Providence, Rhode Island
I WOKE UP ready and excited to play tour guide for my friend Mahdi, who was coming down from Cambridge to visit Providence for the first time. We’d been preparing to meet up since the summer (Mahdi, as he puts it, is “Providence pilled”) but were both so busy that it was late November before we settled on a date. I drew up a very rudimentary Google map showing our proposed route and sent it over Twitter DM along with instructions on how to get to Providence via the commuter rail.
He arrived at last, and after a small trip to my apartment—where I showed off my basic framed picture of the Kaaba, and failed to persuade him to take tea or a drink—we set off. Years of walking through Providence and noticing old plaques and monuments had well prepared me for this moment.
Interesting things I’d come to take for granted over the years regained significance when I shared them with my friend. We passed a plaque commemorating the American Revolution, which was worthy of a plaque of its own—it was dedicated in 1894. We stopped by the Irish Famine Memorial, dedicated in 2007, with its plaque lamenting the British occupation of Northern Ireland.
We had a brief walk through the Rhode Island School of Design (RISD) campus before heading for a stroll along the river, catching up about the happenings in our own lives, with an occasional tour-guide interruption from me.
“You see these swans?” I pointed out to my friend. “They have been in this downtown river for years. Just them. No other swans, they have babies occasionally, but they leave the nest when they are grown.”
Near the mouth of the river we saw a huge cargo ship anchored in the distance. I told Mahdi that I’d recently taken a liking to looking up planes and boats that I’ve seen, and learning where they’ve come from and where they’re headed. It’s fascinating to think about, as you are sitting quietly in your apartment—that there are people and goods, constantly moving all around you. When we are at rest, others are moving and vice versa. He remarked that he does the same thing sometimes; another peculiarity of life that brings people together in conversation.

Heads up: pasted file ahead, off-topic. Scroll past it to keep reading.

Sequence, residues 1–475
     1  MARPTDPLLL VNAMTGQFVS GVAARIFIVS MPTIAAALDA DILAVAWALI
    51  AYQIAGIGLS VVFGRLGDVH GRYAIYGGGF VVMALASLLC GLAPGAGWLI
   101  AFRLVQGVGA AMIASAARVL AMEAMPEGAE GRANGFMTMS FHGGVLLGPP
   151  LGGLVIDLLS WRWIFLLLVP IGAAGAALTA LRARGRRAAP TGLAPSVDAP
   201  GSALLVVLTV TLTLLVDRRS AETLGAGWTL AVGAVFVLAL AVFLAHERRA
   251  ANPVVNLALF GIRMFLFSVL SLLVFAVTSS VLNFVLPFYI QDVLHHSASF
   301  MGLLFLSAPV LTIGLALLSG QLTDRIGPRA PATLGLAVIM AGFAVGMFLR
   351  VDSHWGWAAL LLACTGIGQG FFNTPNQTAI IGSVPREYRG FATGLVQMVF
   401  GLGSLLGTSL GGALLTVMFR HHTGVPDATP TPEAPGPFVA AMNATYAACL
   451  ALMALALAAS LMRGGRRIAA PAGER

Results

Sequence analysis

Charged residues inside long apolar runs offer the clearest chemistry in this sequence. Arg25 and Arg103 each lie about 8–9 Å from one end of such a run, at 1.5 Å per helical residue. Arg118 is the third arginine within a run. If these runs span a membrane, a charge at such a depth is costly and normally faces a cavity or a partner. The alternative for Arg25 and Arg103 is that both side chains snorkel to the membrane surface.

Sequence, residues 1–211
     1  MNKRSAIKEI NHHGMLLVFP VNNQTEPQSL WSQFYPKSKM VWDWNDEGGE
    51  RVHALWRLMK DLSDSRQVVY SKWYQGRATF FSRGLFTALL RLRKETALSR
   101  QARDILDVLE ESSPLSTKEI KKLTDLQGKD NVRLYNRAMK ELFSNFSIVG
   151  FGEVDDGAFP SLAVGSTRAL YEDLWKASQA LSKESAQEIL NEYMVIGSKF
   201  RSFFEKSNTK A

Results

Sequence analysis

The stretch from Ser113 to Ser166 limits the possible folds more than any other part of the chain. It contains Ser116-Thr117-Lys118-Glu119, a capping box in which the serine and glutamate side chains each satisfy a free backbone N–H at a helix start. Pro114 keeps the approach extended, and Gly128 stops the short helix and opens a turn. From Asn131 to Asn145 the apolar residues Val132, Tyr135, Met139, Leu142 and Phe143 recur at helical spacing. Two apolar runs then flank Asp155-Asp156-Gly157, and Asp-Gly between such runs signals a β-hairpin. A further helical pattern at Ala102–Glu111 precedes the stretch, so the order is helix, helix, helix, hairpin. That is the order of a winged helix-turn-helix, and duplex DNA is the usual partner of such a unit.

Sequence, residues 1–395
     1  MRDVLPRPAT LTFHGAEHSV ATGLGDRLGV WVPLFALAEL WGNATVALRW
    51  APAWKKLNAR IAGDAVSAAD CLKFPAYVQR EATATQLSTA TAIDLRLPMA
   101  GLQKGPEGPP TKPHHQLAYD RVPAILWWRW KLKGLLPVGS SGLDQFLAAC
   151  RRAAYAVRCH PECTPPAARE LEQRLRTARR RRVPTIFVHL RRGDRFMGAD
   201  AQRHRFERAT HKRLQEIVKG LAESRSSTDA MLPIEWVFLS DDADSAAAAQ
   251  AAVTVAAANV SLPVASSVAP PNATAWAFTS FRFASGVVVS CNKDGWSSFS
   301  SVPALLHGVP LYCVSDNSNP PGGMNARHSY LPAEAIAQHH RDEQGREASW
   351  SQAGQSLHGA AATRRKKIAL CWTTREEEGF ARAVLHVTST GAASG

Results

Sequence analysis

We stopped for Uyghur food at a place known for its hand-pulled noodles, and then proceeded to the local Syrian bakery, where Mahdi—more versed in the intricacies of baklava and Arabic and Turkish coffee than I am—gave recommendations. While waiting for our coffee and baklava, we checked out the bookstore next door. The shop originated as a van in Los Angeles, and provides a selection of just 20 titles that changes each month. Then we walked back, baklavas and tiny coffees in hand, through Brown University (my alma mater and employer) to the RISD museum. With daylight being limited, we had left the museum for last.
There we agreed that we wanted to see the paintings; neither of us are statue bros. Nine months ago, when Mahdi took me to visit the Harvard Art Museum, we’d gotten yelled at for standing too close to the art (even before the days of climate soup protests). So now, we reenacted the Harvard scene, and took a photo of me standing too close to the art (but at a safe distance that wouldn’t get us yelled at, this time).
We looked at modern art and the typical landscapes and interiors painted by Monet, Van Gogh, et al. I am very partial to Van Gogh; I described one favorite to Mahdi as “a painting you would want to spend a holiday in.” The museum is a hodgepodge of connected buildings, with a quaint late 19th century house attached, designed so that you can walk through the typical living quarters of the American academic class of those days.
After the museum we searched in vain for a coffee shop, and settled for ordering Dunkin on the app. All day, Mahdi and I had been engaged in the familiar struggle of refusing to let the other person pay. I won when it came to lunch, he won at the Syrian bakery, and, despite promising to buy me coffee—through my use of the app—I sneakily won that round. Coffee in hand, we headed into downtown Providence to visit a gift shop owned by local artists, because one must have something appropriate to commemorate a visit to New England’s creative capital. An H.P. Lovecraft–themed piece of memorabilia picked out, we stopped a bookstore next door where Mahdi explained to me the concept of “longtermism” (for the record, he is not a proponent of this theory; we just saw “What We Owe The Future”).
Soon it was time for us to part ways at the train station. I got on the train with him, and left my friend at his seat. We can’t do this anymore on airplanes, I thought. As I left for my apartment, I realized two things: One, that even in times when the daylight is short, you can make the most of the light that you have, and two, that it’s nice to be a tour guide in your own city. I have lived in Providence for four years now and it has become familiar, if not sometimes boring—but sometimes, all you need is to walk through your city with a friend.
Thank you for reading POPULA! Add your email here to receive our newsletter!